The application acceptance was finished. Thank you.

1999 JU3 is a minor planet, which is a target of HAYABUSA2. HAYABUSA2 will reach 1999 JU3 in June or July 2018, and return to the Earth in 2020 with sample of 1999 JU3.

Please name 1999 JU3 according to the naming rules of minor planets. No conditions are required. Applying multiple times is also possible.

Message from the project manager of the "Hayabusa2"


August 31, 2015 at 23:59 (Japan Standard Time). (Extended from 10:00)

Asteroid naming guidelines

Asteroids can't be named just anything; the International Astronomical Union (IAU) has rules. The following are conditions stipulated by IAU for naming an asteroid.

  • 16 characters or less in length. (We are sorry that our application form cannot accept the name including any spaces or punctuation)
  • preferably one word
  • pronounceable (in some language)
  • non-offensive
  • not too similar to an existing name of a minor planet or natural planetary satellite
  • Names for persons or events known primarily for their military or political activities are acceptable only after 100 years elapsed since the person died or the event occurred.
  • Names of pet animals are discouraged.
  • Names of a purely or principally commercial nature are not allowed.
  • Names not identical with or even too similar to an existing name of a minor planet or natural planetary satellite.

Near-Earth Objects (including 1999 JU3) are to receive names from mythology, except names associated with creation or underworld themes.
However, we can accept any name suggestions not only from mythology but also others.

How to submit a name

The call for application was closed. Thank you.

How is 1999 JU3 named?

  1. The entries will be judged by a selection committee experts consisted of inside and outside JAXA. The committee will inform the selected name to the Lincoln Near Earth Asteroid Research (LINEAR) Team of the U.S., that has right to suggest the name for 1999 JU3, and the LINEAR will propose the name to the IAU.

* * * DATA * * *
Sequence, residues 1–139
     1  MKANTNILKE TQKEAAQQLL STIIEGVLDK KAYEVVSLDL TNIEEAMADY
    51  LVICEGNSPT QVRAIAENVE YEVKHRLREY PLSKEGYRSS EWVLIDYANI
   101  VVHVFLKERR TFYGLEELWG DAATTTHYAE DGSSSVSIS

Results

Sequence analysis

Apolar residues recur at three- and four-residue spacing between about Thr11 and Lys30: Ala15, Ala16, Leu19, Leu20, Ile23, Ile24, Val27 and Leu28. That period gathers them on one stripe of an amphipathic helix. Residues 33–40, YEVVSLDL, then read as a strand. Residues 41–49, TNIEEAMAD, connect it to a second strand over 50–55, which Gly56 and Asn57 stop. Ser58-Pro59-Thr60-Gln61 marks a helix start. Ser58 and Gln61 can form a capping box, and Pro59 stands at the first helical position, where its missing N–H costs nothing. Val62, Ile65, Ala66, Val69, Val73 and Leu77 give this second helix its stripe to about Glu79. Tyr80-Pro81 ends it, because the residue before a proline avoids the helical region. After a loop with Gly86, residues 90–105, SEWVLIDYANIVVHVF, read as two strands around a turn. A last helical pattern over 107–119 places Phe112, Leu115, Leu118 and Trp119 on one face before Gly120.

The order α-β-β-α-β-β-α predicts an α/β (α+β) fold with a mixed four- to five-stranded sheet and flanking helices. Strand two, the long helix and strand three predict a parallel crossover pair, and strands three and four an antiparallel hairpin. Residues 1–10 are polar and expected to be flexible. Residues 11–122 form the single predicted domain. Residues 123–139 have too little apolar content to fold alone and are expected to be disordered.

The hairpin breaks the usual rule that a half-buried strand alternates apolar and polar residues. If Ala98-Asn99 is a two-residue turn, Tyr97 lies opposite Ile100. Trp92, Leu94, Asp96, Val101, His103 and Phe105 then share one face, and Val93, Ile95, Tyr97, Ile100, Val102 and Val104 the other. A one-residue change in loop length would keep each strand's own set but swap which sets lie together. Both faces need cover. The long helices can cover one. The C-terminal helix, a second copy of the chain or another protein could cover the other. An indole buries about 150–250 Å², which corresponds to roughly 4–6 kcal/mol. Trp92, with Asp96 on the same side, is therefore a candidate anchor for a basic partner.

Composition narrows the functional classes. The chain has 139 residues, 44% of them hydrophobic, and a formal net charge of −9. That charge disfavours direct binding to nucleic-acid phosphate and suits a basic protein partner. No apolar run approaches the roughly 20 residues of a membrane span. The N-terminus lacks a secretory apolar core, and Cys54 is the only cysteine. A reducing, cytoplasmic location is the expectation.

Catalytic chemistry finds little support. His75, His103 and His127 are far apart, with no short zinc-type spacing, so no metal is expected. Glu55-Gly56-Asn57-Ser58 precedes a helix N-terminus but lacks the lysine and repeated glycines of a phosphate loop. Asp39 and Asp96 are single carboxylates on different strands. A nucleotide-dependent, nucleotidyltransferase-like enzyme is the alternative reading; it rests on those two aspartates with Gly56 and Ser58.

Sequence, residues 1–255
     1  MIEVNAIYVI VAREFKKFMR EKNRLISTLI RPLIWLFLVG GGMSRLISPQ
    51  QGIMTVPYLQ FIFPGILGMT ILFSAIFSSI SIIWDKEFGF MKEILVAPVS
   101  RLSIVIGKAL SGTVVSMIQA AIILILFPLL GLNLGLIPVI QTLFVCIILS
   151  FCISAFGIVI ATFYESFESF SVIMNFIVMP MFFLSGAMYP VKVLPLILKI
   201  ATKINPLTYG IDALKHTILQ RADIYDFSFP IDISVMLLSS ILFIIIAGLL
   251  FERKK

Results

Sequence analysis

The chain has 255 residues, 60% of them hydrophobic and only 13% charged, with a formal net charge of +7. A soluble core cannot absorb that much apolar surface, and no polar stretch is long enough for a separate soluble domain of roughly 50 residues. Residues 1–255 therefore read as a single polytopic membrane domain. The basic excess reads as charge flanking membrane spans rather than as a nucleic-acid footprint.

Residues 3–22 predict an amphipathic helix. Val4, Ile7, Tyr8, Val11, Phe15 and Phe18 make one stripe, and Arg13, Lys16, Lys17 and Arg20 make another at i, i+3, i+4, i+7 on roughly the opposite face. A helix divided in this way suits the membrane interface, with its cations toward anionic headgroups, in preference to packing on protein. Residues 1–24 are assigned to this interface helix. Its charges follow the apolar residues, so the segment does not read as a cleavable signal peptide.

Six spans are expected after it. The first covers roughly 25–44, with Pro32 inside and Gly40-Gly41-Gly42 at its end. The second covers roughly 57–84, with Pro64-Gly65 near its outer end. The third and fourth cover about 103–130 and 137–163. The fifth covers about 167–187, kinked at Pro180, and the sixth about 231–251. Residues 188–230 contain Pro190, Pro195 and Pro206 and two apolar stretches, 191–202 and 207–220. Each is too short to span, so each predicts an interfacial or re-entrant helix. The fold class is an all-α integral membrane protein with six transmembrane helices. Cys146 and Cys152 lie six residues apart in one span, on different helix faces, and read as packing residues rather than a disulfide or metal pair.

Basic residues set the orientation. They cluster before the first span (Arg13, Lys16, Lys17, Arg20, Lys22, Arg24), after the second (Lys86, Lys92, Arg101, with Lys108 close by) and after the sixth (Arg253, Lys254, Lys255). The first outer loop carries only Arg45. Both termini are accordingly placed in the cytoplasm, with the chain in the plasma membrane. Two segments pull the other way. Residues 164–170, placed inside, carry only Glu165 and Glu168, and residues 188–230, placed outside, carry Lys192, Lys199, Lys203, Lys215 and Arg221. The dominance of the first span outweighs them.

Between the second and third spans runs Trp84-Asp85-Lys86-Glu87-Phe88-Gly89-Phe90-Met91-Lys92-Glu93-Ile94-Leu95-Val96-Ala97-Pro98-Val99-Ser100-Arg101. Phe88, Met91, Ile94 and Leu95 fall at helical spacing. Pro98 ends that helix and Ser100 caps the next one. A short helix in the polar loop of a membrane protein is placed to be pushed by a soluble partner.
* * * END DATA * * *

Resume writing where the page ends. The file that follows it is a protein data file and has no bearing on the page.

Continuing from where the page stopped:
2. The Committee for Small-Body nomenclature of the IAU will review the name.
  3. The name will be finalized when it appears in the issue of "Minor Planet Circulars (MPCs)" published by the Minor Planet Center (MPC), a subordinate organization of the IAU. The publication timeframe is not clear at this moment, but it is expected to be sometime around the end of November 2015. For your information, the MPCs is issued monthly. Please check it on the following website.

Additional Information

Table 1. Summary of 1999 JU3 and Itokawa (which was a HAYABUSA's target)


None(Not decided yet)


Provisional Designation 1999 JU3 1998 SF36
Minor planet number 162173 25143
Dimensions About 900m (diameter) 540x270x210 (m)
Shape Almost sphere Shaped like two rocks combined. Looks like "Sea otter".
Rotation period 7h 38m 12h 8m
Geometric albedo 0.05 0.25
Spectral type C-Group S-Group
Distance from the Sun Max 1.42 au, Min 0.96 au Max 1.69 au, Min 0.95 au
Semi-major axis About 178,000,000 km About 198,000,000 km
Orbital period 1.30 year 1.52 year

* 1 au(astronomical unit) = 149,597,870,700 m, from the mean distance between the Earth and the Sun.

Animation of 1999 JU3 No.1 [mp4: 413KB]
Animation of 1999 JU3 No.2 [mp4: 401KB]
Animation of 1999 JU3 No.3 [mp4: 627KB]

Fig.2 The size comparison of 1999 JU3 and Itokawa

Fig.1 The orbit and the estimated model 1999 JU3 © JAXA

Fig.3 Provisional designation of minor planets

Fig.2 The size comparison of 1999 JU3 and Itokawa © JAXA

Fig.3 Provisional designation of minor planets

Fig.3 Provisional designation of minor planets © JAXA


Fig.4 An infrared image of 1999 JU3 taken by the Japanese Infrared Imaging Surveyor "AKARI" © JAXA / Fumihiko Usui (The University of Tokyo)